What They Don't Teach You At Harvard Business School - Mark H. McCormack

I pick up the occasional management book from charity shops, and a few years ago I read What They Teach You At Harvard Business School, so when this one turned up I thought it'd be fun to read it too.

Actually getting around to reading it has turned into this whole other project. My health issues mean that I've been a bit lower on energy, and while I've been working on various little projects I've not found much time to read. Last week I did not feel well and got really low on energy, to the point that I could only read, not work on other stuff, and that turned out to be an excuse to finish reading the book. Thankfully, since then my energy levels have recovered.

This book has a reputation as a business book classic, or at least the name's well-known. What I hadn't realised is that this was first published in 1984, so it's clearly got some longevity. Mark McCormack basically invented the world of sports management, initially by representing Arnold Palmer, and then building up from there into a huge empire. His business role has focused on negotiations, sales and people skills, so it's not really a surprise that that's the focus of the book.

In many ways, it's a quite personal book mildly masquerading as general advice. The title is apt - these kinds of people skills are generally poorly-served by MBA courses, and Mark makes the good point that MBAs often believe that their course has taught them everything, when in reality it's the start of learning business, not the end, and the real world, with real people skills, is the true test and place to learn. The book, unsurprisingly, prioritises experience over theory.

McCormack clearly believes in the "true character" of people - underlining it with a story of when he met Nixon, years before Watergate, and took a dislike to him based on his reading of Nixon's character. McCormack's clearly had a lot of practice reading people over his career, so I'm not really in much place to criticise his view, all I can do is look at how it fits with my super-amateurish understanding. And... yes, I guess. Throughout my career, I've taken a while to fit a pattern to people, but once I've got it it usually sticks pretty well, enough to convince me that it's more than confirmation bias. And it's taught me that there are some people to never, ever trust.

This "It's all about character" approach, and several other things that he says throughout the book, reminds me of Dale Carnegie's How to Win Friends and Influence People, which I found in a friend's house and read when I was, oooh, must have been about twelve or something. While the approach is "classic", the language is simply dated. Secretaries are "she", business partners are "he". Some other things have moved on. The section on doing people favours looks like an HR disaster in the world of bribes and gift policies (even if that's technically constrainted to government figures).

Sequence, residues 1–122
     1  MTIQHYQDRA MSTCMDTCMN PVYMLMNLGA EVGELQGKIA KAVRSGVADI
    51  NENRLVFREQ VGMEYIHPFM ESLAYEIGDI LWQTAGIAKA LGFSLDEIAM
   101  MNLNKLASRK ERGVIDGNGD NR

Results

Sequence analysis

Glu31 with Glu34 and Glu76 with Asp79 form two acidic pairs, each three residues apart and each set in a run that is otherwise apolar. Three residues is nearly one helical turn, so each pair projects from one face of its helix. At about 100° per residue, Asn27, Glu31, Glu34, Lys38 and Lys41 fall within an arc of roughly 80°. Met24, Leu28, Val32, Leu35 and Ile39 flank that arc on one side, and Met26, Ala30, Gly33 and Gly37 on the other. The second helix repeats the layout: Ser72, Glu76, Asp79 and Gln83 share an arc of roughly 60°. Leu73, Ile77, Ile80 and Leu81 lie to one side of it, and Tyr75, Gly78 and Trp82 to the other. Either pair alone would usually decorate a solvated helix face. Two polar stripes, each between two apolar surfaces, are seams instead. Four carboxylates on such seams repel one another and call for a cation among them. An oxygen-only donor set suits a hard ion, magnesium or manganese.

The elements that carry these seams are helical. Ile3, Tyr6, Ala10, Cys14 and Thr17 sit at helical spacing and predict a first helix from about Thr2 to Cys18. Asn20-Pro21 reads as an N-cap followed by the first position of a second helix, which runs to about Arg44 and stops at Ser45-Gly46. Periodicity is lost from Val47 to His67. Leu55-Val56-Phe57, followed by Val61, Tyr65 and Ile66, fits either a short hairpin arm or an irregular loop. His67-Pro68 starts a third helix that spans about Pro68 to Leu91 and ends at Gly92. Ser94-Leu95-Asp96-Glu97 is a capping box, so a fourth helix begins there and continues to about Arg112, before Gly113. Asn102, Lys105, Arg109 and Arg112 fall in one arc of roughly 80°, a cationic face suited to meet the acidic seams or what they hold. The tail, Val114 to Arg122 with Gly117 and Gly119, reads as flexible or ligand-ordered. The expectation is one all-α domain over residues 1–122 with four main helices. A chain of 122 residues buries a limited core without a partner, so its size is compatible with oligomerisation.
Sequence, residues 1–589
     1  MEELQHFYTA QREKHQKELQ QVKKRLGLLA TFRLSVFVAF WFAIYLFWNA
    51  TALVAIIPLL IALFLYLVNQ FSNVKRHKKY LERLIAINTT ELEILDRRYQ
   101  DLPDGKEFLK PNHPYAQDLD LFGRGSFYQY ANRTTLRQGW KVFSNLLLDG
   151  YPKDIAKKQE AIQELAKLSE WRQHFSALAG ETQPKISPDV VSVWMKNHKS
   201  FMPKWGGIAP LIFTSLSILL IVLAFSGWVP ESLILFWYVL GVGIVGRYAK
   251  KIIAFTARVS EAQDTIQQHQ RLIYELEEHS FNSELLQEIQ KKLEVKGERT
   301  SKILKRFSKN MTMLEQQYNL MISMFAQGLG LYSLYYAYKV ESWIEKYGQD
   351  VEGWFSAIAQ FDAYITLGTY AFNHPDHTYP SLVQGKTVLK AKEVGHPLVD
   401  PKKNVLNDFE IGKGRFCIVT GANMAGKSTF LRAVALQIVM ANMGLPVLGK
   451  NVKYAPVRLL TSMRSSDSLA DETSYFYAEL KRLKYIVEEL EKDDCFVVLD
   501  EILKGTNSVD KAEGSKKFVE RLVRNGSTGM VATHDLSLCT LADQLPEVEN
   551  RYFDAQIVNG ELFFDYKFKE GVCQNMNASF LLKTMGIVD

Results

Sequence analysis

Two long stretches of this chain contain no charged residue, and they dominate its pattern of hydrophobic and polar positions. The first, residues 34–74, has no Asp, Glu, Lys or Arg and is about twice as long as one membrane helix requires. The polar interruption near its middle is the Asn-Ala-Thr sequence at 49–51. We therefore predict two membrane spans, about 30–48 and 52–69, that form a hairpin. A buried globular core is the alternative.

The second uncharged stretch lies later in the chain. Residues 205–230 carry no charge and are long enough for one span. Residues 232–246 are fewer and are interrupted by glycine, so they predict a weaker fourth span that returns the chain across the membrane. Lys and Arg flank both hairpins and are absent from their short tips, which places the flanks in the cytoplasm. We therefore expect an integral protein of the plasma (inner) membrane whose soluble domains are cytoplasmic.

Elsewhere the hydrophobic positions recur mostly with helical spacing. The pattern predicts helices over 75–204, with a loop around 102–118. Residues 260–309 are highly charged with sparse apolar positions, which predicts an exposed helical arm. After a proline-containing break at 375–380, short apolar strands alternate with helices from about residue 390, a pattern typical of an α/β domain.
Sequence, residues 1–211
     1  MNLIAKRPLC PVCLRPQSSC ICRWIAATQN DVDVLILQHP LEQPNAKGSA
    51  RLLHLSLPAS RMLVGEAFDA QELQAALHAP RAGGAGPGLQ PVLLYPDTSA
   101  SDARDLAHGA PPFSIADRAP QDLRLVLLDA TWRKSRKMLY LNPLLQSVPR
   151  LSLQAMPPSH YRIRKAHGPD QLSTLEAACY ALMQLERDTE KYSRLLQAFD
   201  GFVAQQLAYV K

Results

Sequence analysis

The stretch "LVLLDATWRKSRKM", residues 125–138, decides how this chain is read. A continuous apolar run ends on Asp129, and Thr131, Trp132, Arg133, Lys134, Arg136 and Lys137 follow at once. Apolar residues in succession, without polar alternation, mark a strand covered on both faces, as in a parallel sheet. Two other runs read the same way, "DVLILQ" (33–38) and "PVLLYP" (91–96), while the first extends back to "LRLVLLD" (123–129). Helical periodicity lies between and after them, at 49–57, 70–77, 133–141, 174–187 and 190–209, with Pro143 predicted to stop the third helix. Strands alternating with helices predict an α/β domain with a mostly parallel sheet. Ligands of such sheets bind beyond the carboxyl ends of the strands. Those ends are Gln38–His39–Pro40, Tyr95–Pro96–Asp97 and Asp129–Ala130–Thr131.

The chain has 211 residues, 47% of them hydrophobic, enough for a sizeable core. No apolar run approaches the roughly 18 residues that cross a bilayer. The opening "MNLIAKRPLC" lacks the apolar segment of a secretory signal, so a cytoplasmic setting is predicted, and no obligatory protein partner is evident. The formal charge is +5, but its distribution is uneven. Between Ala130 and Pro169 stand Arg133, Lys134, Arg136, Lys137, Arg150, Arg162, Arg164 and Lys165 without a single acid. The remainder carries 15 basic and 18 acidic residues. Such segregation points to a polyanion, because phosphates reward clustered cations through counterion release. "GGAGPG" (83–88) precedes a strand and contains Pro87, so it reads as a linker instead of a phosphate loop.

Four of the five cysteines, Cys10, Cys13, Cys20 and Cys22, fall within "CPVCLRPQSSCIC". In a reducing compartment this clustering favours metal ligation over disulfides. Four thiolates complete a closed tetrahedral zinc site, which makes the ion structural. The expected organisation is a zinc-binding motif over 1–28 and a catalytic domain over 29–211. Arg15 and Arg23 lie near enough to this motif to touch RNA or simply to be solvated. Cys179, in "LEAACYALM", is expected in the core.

He keeps coming back to "don't react, act", which is pithy but not very transparent. It seems to mean a couple of things. From one side, it means "Don't take knee-jerk decisions, but think through your responses carefully". From another, it's about taking the initiative, finding the way to have control, in business dealings.

As I said earlier, it's personal experience disguised as general business advice, and it's really focused on industries build on reputation - effectively high-touch B2B business. On the other hand, some of the ideas can be reused for the internal politics of large corporations. The chapter on "Getting Ahead" makes this connection explicit.

A lot of the book comes down to "Do the obvious thing", but with a) the observation that so many people don't, and getting the basics down is an advantage, and b) some fleshing out of how to do these things well, complete with anecdotes.

He leans a lot into "intuition" around "taking the edge", but a fair amount of it reads to me like theoretical game theory, psychology and negotiation skills reinvented through practical experience. Against this background reading on negotiation, I found his take rather fun - a folk wisdom précis of the subject. It also reminds me that I'm probably too open in my approach to negotiation. I found the advice on negotiating from a position of strength to be interesting - how it can be a disadvantage, since it can lead to the other side being too defensive. He's keen on keeping the full truth hidden to allow for flexibility in negotiations. There's a short section on contracts that explains how to finesse the follow-up.